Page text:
While the gallant couple put their horses at gallop southwards like avenger angels, Vilana plunged again in thought, lulled by the stage coach gentle swaying. According to his own assumptions, the inscription on the dead monk's Bible had been written by Brother Adrienne (sic) de Wignacourt, who had been Grandmaster of the Order of Malta between 1690 and 1697. The Order of Malta... A sovereign, solid state with dense economic, political and financial ramifications everywhere. A state built up of individuals from all across Europe, often influential lineages in their own native nations... a so large and complex network that had required to have it internally organized into geographical groups: the so-called Langues. This way, the true identity of the deceased monk, who had introduced himself as Brother Vincent, was actually that of Dídac de Serralta, appointed as Grand Prior of Catalonia by Brother Adrienne de Wignacourt in 1697. He asked for confirmation to young Brother Adrien, no longer hiding himself, for his words were in Catalan language from that moment on -He was the Grand Prior, wasn't he?

The boy nodded in silence, while still wiping his tears. Vilana tryed to guess his age. No more than twenty years old, certainly. Perhaps younger.

-But for God's sake, what were you doing in France?

The young monk couldn't tell him. He didn't know.

Monday, October 03, 2011

Good to be a nobleman, after all...

Troubled journey - chapter 7

Pierrelatte (Dauphiné), night of 24th August 1713

To the surprise of Claire Baizanville, the Marquis of Vilana who had coincidentally just left his room added his own voices of alarm to those of the militiaman. But a very different way. Having quickly grasped the situation, Vilana adopted the authoritative ways and voice of a nobleman: -No one enters the room! Prepare some torches, the murderer might already be outside! You man! -to the militiaman now: -what are you doing? A man of God has just been brutally murdered, and you're standing here dead still as a statue? Go tell your superior. Hurry up!

Claire instantly understood the risky bid Vilana had undertaken: relying on the others' perception of his own social high status and through authoritative ways, he was trying to reverse the situation and assume command on an eventual, more than likely reaction of militiamen! The bluff seemed to be successful, because the militiaman seemed to be quite intimidated. Claire deduced he had been told just to go upstairs and shout, and little else. The man started slowly to back toward the stairs. Quite ironically, the dead monk's room was still closed.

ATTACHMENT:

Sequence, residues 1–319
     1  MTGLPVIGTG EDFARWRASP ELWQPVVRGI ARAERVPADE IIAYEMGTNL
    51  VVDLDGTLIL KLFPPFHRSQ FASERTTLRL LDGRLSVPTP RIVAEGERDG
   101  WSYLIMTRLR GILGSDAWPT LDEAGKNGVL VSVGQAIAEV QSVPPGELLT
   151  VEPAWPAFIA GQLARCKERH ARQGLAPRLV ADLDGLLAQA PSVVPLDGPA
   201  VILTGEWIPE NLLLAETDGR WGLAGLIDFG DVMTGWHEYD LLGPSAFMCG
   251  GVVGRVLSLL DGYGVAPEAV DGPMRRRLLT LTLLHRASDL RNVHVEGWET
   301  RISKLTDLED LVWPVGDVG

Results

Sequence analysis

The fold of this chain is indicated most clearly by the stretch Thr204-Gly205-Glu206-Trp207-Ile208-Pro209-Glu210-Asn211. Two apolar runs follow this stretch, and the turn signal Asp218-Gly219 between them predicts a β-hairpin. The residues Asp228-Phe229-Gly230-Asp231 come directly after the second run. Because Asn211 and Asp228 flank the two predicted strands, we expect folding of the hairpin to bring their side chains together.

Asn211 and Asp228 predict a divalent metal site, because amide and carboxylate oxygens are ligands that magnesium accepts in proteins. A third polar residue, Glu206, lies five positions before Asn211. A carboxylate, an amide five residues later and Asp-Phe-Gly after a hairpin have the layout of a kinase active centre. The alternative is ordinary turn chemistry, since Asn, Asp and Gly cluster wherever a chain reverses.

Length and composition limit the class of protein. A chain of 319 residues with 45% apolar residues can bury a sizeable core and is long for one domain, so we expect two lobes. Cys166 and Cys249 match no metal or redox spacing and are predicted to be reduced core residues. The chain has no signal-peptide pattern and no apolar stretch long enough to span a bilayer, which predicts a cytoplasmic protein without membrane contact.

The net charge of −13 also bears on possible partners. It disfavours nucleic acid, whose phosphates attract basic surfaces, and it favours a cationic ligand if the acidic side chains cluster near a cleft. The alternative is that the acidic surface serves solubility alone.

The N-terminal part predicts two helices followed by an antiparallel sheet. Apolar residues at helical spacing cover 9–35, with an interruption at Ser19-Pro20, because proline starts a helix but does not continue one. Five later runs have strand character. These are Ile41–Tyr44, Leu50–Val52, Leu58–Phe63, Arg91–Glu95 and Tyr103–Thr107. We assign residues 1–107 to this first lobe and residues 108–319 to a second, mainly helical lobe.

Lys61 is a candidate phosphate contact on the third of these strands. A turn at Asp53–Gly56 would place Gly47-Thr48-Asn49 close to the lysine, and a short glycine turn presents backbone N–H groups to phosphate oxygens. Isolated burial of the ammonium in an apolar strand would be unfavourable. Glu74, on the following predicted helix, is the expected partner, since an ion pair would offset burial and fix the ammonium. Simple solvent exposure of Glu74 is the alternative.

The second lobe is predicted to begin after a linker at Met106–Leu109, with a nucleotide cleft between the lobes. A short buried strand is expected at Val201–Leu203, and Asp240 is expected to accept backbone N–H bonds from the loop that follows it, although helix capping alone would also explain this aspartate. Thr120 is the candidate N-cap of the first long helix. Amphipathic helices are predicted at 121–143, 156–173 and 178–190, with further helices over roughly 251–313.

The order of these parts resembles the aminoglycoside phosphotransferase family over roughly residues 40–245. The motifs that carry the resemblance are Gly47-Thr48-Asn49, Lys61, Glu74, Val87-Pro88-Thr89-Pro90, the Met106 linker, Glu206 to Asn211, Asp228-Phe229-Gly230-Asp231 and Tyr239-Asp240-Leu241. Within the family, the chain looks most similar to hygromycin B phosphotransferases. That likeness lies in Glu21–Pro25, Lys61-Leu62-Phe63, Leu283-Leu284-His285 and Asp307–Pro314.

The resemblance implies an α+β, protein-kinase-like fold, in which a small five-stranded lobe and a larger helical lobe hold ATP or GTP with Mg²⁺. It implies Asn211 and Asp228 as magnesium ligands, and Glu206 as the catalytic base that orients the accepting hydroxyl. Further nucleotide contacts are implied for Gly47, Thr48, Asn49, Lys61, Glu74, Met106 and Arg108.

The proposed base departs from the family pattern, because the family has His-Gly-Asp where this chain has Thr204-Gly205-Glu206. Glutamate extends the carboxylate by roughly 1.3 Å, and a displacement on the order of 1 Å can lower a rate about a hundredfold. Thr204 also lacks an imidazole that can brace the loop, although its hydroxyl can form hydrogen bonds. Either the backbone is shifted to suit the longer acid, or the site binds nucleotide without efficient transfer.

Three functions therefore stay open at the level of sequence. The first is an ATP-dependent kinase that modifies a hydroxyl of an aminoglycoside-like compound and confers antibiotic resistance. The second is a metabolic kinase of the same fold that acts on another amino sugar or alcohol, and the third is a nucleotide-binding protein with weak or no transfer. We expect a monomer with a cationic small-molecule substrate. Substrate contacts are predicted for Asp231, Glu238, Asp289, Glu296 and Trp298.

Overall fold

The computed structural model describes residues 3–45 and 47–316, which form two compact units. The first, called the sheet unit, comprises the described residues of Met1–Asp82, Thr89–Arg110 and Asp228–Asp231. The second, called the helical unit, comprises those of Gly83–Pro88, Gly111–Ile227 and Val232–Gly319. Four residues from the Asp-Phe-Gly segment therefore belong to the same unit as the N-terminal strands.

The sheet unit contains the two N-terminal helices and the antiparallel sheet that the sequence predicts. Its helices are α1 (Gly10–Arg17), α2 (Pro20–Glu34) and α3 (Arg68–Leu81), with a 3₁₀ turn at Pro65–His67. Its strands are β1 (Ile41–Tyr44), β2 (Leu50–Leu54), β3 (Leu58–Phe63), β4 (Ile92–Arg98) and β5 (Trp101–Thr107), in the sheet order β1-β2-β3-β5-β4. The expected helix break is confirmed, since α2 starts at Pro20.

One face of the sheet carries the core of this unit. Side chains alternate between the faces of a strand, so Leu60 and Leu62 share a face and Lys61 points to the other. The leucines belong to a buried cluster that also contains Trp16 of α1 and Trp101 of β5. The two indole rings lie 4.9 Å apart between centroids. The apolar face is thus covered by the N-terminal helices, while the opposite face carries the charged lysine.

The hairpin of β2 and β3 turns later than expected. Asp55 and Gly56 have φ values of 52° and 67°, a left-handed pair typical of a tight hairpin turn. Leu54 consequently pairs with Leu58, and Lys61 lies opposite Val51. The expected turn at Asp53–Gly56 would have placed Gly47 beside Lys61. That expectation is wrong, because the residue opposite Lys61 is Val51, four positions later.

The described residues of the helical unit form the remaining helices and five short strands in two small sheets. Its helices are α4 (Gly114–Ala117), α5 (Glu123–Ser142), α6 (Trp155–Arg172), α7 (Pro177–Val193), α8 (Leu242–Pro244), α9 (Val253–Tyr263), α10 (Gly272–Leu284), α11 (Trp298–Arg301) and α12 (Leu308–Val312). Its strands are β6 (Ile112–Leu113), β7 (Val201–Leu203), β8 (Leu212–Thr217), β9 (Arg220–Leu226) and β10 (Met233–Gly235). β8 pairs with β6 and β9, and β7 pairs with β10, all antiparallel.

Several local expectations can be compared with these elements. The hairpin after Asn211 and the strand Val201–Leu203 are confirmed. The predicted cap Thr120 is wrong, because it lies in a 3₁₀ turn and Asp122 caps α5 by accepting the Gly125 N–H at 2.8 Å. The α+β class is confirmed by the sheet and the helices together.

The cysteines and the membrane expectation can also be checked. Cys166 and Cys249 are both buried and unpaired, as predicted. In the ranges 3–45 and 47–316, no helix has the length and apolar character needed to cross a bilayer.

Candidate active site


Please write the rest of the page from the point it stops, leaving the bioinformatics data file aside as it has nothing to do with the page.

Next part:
Meanwhile, Lieutenant Llinàs was the first one to get upstairs. One single glance was enough for him to react, he drew up his pistol as fast as a lightning and aimed it straightly against the militiaman face -Who told you to give the alarm? -Vilana sharply asked to him.

-It... it was my captain, Monsieur Bouvier... He had spoken with one of the newcomers ...

-Which one of them?

-A tall one... with a scar on cheek... I don't know anything else, monsieur; just was told to ...

-Your captain. Only you were told to come here and give the alarm, or anyone else too?

-Ju... just me, monsieur.

The militiaman was terrified. Unlike Llinàs, he was no more than a rookie and had never before had to face a loaded weapon. Worst of all, Llinàs grim glance showed clearly he'd shoot with no hesitation.

Always assuming the authoritative ways of a nobleman, Vilana stepped out of the militiaman's mates, who had also started coming. Leading them downstairs back, Vilana addressed to the inn's owner, ordering him to call for the authorities of His Majesty in town. Again, it was a calculated bid: if regular troops came and took care of the situation, they would prevent the militiamen to take the law into their own hands if someone happened to accuse them. Vilana then went to face the militia captain, realizing of the interrogative glance he was addressing to the stunned militiaman he had just sent upstairs.

-Monsieur Bouvier, your collaboration is essential -Vilana affirmed using his best authoritative voice-. Must find the murderer. Please organize your men for a raid around the surroundings. No one should access the upper floor, for it would be desirable not to alter the crime scene before the authorities arrive.

After a moment of hesitation, the officer resigned to contradict him. After all, Vilana thought, he would already have in bag the coins likely donated by the scary monk -the alleged murderer. A complete success. Safe again, although likely for not too long. They should take advantage of the confusion created by Vilana and flee from there.